Sample Letters to Editor on President Obama's Visit to IndonesiaIn a few days, President Obama is expected to leave for a trip to Asia, including a several-times postponed visit to Indonesia where he lived as a boy. Letters to the editor are often the most widely-read section of newspapers, especially by decision-makers. Try to keep your letter to about 200 -250 words and be sure to include your full name, address, and telephone number when submitting the letter to the newspaper. If possible, include a local angle or directly respond to an article or opinion published in the paper. The more timely your response, the more likely it is to be published.
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Adapt, mix and match the text of the 3 updated sample letters below. Use it in responses to online posting of articles and in blogs. Adapt the letters to your own words. Please check http://etan.org/action/letters/obama2010.htm for additional letters as events develop.
To the Editor
The Obama administration says that it supports democratic reform in Indonesia, but increased military assistance will do the opposite.
When Indonesia was a dictatorship, the U.S. was the Indonesian military's chief supplier. Military assistance ended in 1999, during the Indonesian military's rampage in East Timor after it voted for independence.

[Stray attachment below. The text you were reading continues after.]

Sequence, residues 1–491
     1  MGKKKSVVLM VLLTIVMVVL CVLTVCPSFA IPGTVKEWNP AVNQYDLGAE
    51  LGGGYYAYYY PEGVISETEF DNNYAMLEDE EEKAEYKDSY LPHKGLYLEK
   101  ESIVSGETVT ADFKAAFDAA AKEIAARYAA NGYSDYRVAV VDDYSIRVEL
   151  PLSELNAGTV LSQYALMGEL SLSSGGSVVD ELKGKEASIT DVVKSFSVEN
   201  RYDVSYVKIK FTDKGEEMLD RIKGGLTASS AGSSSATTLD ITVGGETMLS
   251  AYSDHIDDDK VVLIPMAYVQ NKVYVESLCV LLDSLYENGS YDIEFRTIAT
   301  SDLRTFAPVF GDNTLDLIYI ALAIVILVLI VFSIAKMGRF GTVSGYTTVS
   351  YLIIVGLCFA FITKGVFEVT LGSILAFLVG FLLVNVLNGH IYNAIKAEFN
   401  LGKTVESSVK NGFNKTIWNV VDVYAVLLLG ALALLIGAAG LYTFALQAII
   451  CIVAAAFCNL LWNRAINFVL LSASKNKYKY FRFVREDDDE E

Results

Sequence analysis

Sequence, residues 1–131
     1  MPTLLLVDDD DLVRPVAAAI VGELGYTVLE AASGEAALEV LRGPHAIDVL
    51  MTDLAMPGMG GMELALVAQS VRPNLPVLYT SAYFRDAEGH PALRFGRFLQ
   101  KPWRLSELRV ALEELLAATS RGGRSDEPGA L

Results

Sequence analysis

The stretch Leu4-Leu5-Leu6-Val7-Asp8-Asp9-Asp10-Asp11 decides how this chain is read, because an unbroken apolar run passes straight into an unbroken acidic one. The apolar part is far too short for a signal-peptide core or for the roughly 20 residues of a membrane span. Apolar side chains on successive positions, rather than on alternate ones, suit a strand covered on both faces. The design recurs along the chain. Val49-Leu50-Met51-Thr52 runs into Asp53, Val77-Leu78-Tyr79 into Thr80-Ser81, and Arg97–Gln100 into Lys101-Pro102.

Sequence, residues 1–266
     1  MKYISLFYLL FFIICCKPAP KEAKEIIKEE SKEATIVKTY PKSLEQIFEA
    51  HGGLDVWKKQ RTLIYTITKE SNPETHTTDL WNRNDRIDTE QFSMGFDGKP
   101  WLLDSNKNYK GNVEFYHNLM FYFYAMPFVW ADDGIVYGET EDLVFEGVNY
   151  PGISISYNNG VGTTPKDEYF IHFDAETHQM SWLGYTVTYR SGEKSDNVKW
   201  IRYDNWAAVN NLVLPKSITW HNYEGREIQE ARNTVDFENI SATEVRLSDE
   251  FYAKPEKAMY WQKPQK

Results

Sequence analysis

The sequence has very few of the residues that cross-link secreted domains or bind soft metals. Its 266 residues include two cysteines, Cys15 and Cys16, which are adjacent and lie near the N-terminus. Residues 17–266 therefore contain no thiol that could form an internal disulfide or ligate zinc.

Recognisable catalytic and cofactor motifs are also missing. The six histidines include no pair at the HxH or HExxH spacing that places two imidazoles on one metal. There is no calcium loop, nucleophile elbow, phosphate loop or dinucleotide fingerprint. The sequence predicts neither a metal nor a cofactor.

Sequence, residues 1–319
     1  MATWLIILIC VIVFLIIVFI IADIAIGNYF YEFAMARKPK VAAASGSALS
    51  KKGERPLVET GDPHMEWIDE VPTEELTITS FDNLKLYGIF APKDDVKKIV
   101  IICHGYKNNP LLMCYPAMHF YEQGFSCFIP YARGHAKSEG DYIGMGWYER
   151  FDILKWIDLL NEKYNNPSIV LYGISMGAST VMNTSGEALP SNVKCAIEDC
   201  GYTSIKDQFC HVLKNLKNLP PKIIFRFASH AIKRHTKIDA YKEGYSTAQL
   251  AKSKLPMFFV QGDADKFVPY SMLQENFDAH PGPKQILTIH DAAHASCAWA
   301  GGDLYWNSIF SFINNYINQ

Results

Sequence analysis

Most assistance has been restored since then, even though those responsible for human rights crimes in East Timor and elsewhere in the region have yet to face justice. Instead, reform efforts have stalled and many officers responsible for past crimes have been promoted to prominent positions. Recent videos document torture and the destruction of videos in the West Papua region by Indonesian security forces. A U.S. funded and trained police unit Detachment 88 is accused of torturing peaceful protesters.
Of special concern was last summer's announcement that the U.S. would, for the first time in a dozen years work with Indonesia's Kopassus special forces. Training such notorious human rights violators will undermine the "Leahy law," which prohibits assisting units with unresolved human rights violations. The law is meant to prevent future abuses, as well as encourage an end to impunity for past violations, which has not happened.
On his visit to Indonesia, President Obama may eloquently promote democracy and civilian rule in Indonesia, but by providing military assistance now, he will be endorsing business as usual.
Your Name, Address, Phone/E-mail
Shortly, President Obama will return to Indonesia, his former childhood home. In his memoir, The Audacity of Hope, he wrote about the negative influence that the U.S. had on "the fate" of Indonesia, with policies that included "the tolerance and occasional encouragement of tyranny, corruption, and environmental degradation when it served our interests."